[ uh-goj-iks, uh-goh-jiks ]
/ əˈgɒdʒ ɪks, əˈgoʊ dʒɪks /
noun (usually used with a singular verb) Music.
the theory that accent within a musical phrase can be produced by modifying the duration of certain notes rather than by increasing dynamic stress.
CAN YOU ACE THIS QUIZ ABOUT “COMPLIMENT” VS. “COMPLEMENT”?
Take this quiz to see if you really know the difference between “compliment” and “complement"!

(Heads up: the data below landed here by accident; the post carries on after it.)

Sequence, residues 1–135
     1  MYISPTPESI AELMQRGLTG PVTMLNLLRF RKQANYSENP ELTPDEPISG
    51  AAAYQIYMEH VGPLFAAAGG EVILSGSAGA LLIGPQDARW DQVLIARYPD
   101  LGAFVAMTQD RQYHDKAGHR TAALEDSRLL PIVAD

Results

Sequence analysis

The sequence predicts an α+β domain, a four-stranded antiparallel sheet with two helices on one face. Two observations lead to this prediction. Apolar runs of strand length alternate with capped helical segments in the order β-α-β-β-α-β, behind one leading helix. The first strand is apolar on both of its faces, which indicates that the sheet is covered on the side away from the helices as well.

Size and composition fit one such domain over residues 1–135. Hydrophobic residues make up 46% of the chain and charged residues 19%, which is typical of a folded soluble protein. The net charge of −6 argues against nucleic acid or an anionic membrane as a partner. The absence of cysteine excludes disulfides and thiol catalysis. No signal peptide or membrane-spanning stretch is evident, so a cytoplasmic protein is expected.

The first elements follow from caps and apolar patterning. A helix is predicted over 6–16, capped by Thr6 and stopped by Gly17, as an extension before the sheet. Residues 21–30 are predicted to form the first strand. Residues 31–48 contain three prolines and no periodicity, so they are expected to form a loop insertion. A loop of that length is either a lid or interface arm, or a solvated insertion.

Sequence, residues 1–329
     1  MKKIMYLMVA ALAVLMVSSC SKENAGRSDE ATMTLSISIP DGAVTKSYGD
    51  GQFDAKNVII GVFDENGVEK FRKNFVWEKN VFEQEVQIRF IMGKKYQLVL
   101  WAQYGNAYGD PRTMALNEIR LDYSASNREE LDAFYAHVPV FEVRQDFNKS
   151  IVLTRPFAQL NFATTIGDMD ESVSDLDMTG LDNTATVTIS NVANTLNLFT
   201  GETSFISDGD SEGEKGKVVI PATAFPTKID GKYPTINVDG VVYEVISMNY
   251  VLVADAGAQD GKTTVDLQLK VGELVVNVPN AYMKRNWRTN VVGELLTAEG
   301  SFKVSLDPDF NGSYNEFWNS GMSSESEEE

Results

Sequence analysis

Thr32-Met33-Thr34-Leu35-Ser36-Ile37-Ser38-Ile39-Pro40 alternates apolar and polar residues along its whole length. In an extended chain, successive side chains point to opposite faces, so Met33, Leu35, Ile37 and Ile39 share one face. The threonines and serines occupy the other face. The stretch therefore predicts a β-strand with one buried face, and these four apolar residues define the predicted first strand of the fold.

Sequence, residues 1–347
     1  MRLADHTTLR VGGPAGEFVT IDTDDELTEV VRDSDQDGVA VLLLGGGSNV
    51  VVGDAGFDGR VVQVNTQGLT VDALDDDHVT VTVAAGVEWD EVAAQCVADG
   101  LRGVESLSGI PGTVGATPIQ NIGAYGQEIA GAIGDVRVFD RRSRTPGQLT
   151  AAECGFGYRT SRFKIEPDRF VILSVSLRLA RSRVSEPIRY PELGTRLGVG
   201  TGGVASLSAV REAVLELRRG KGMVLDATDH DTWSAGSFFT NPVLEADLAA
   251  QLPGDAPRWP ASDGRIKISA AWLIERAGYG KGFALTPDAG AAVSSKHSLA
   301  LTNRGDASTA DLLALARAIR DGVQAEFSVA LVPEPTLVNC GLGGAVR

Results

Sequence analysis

Question 1 of 11
“Compliment” and “complement” had a shared meaning a long time ago, but today they are no longer interchangeable.
OTHER WORDS FROM agogicsa·gog·ic, adjective
Words nearby agogics
Definition for agogics (2 of 2)
[ uh-goj-ik, uh-goh-jik ]
/ əˈgɒdʒ ɪk, əˈgoʊ dʒɪk /
Music. stress given to a note through prolonged duration.
Also called agogic accent.
Origin of agogic
1890–95; < Greek agōg(ḗ) course + -ic (modeled on German agogisch)
Dictionary.com Unabridged Based on the Random House Unabridged Dictionary, © Random House, Inc. 2020